Defining, Maintaining Professionalism in Nursing
Professionalism in nursing means different things to different people. For some, it is a nurse’s appearance. Although the nursing caps and white uniforms may be gone, today’s nurses wear neat scrubs and comfortable shoes. Some define professionalism as a nurse’s knowledge, skills set and how care is delivered to patients. Others view professionalism as the continuous journey to improve nursing practices, the workplace and nursing’s future.
What is your definition of nursing professionalism? Once you have your definition, there are several ways to grow and maintain your professionalism in nursing.
• Read professional journals. Discuss what you learn with co-workers.
• Attend seminars, conferences and other workshops for continuing education.
• Join committees or planning groups at work.
• Volunteer in your community.
• Take academic classes to continue your formal education.
• Become certified in your area of practice.
• Join a professional nursing organization.
• Further develop your role as a preceptor.
• Mentor other nurses to grow and maintain their careers.
Professionalism Involves Serving as a Role Model
As a preceptor, it is your job to model the role of a professional. Because preceptees often view their preceptor as the person who they are most likely to identify with professionally, it is the preceptor’s responsibility to model professional attitudes and behaviors. To fulfill this responsibility, Myrick & Yonge (2005) suggest the following.
• Demonstrate a strong sense of commitment to your role as a nurse and a preceptor.
• Interact with colleagues, patients/families, physicians and other members of the health care team adeptly and sensitively.
• Be knowledgeable about the work you do.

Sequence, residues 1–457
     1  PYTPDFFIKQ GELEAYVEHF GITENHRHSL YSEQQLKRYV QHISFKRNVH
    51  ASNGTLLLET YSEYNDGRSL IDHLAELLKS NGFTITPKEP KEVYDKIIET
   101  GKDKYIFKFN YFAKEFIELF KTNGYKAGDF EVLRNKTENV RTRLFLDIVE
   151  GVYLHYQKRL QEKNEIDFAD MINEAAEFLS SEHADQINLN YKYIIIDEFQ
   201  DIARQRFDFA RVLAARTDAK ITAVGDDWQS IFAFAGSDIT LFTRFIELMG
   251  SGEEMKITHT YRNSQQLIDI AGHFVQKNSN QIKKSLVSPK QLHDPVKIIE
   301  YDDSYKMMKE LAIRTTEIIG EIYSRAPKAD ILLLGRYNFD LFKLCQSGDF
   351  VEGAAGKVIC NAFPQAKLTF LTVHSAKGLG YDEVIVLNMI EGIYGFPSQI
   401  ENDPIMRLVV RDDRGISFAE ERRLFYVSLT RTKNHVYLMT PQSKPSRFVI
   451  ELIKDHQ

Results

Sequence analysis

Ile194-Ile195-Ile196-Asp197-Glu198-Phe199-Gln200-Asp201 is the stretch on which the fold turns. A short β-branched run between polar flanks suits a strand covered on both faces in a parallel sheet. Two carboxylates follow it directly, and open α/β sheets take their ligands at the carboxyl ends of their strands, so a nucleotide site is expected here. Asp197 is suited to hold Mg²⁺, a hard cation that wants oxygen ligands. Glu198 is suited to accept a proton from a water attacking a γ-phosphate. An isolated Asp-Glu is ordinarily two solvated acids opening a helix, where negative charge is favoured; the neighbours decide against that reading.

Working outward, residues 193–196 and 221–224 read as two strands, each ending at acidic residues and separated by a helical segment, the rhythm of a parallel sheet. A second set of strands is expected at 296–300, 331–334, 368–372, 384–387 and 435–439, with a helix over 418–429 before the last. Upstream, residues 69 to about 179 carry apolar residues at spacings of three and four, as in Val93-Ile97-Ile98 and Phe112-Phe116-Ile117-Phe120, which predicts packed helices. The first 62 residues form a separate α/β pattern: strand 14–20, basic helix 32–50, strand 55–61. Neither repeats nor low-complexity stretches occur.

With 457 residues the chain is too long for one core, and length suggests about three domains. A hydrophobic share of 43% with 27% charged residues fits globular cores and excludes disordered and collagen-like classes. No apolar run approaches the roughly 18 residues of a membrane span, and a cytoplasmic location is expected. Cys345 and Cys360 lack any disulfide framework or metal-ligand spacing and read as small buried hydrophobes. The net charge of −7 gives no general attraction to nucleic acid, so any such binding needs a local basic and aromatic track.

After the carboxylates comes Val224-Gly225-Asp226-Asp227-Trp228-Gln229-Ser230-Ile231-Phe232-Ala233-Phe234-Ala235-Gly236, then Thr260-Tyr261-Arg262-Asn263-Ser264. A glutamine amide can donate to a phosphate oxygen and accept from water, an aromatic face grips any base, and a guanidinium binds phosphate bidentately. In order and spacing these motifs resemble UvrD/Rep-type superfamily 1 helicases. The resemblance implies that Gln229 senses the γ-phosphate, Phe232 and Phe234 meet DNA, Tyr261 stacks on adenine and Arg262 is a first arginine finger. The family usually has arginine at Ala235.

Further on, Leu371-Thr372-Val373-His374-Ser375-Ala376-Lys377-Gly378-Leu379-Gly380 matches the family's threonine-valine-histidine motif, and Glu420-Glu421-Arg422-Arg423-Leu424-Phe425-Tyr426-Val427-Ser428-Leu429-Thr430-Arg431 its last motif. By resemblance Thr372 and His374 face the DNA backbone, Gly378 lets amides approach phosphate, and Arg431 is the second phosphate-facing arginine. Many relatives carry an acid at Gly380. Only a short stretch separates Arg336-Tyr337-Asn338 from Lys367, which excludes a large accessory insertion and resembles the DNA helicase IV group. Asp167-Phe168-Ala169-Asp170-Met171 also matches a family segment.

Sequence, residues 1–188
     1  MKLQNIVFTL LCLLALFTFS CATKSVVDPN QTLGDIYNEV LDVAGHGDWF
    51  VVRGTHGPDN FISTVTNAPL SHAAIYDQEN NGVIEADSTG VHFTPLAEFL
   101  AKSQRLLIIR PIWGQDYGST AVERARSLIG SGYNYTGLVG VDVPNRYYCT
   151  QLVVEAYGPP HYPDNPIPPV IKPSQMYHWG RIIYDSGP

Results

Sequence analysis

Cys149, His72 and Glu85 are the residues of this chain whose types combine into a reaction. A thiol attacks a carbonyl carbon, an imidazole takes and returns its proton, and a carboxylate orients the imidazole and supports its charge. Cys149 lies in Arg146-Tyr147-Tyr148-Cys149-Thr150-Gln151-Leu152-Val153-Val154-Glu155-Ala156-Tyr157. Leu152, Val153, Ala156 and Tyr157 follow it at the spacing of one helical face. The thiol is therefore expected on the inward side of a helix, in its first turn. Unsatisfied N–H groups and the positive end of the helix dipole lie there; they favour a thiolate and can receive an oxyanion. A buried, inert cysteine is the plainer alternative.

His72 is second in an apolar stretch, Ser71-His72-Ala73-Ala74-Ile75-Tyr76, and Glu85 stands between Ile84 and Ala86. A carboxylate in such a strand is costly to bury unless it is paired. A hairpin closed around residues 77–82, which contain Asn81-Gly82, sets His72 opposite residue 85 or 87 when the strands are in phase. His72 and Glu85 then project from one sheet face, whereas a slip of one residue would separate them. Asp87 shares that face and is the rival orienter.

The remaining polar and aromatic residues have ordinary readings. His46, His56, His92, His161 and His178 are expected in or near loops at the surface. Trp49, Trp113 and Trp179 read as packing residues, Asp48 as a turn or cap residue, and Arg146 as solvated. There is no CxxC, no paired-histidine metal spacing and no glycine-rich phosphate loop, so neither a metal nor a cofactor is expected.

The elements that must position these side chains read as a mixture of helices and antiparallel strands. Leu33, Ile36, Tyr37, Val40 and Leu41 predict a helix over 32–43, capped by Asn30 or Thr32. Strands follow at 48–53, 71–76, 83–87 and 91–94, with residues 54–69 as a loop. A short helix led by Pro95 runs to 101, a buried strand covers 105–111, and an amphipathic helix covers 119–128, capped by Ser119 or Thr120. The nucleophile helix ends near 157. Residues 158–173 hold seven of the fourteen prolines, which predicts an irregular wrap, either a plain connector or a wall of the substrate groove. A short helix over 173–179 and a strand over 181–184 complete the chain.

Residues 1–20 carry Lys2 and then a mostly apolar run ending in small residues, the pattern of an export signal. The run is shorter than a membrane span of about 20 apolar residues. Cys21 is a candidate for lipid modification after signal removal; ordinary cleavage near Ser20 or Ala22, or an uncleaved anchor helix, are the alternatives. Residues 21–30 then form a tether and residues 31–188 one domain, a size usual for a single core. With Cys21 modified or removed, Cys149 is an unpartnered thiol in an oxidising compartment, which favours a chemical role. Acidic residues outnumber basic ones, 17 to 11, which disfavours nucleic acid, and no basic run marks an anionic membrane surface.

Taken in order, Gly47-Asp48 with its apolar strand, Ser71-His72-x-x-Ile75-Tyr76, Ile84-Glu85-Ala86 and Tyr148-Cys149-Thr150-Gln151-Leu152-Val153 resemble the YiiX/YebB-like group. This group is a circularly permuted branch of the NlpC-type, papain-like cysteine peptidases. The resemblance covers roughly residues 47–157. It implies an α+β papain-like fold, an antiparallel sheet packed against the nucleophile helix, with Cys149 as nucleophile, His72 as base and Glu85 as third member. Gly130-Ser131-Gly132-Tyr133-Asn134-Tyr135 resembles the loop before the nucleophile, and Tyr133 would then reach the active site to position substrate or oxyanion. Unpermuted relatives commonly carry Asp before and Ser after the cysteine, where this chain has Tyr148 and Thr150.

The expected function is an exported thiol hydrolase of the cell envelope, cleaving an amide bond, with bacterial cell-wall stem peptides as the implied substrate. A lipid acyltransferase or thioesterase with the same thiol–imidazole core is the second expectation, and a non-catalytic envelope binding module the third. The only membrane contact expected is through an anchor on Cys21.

• Show respect for your patients and co-workers.
• Adhere to ethical principles in carrying out your nursing care.
• Foster a sprit of inquiry, critical thinking and reflection when working with preceptees and colleagues.
As a preceptor, your actions demonstrate professionalism. Preceptees are likely to model their own behaviors based on their observations of your commitment to your work and how your demeanor reflects this commitment. Even the little things … the way you dress, the way you wear your hair, how much jewelry you wear, chewing gum … all of these become the pattern that preceptees may follow.
Preceptees are constantly observing your interactions with families and others on the health care team. When these interactions reflect a sense of professionalism, the preceptee may learn to model this behavior. As a nurse, it is your responsibility to be knowledgeable about your patients and how to best care for them. It also is your responsibility to share this knowledge with preceptees and teach them how to find information on their own.
Professionals respect their patients and co-workers and practice in an ethical manner. Preceptees notice if you introduce yourself to others, if your name tag is visible, how you address your patients and if you are respectful of their concerns. Allow yourself to be open to questions and demonstrate practice wisdom when working with preceptees because it enables them to be free of anxiety about questioning and to develop their own critical thinking abilities.
Preceptees usually want to model their preceptors. As a preceptor, you want to demonstrate the attitudes and behaviors that show a strong commitment to being a professional nurse. Be sure to discuss professionalism with your preceptees and ask them what professional behaviors they have observed in you.
Bryan, S. (2006, Feb. Mar. Apr.). To be or not to be: professionalism in nursing. The Maryland Nurse, p. 3. Myrick, F. & Yonge, M. (2005). Nursing preceptorship: connecting practice and education. Philadelphia: Lippincott.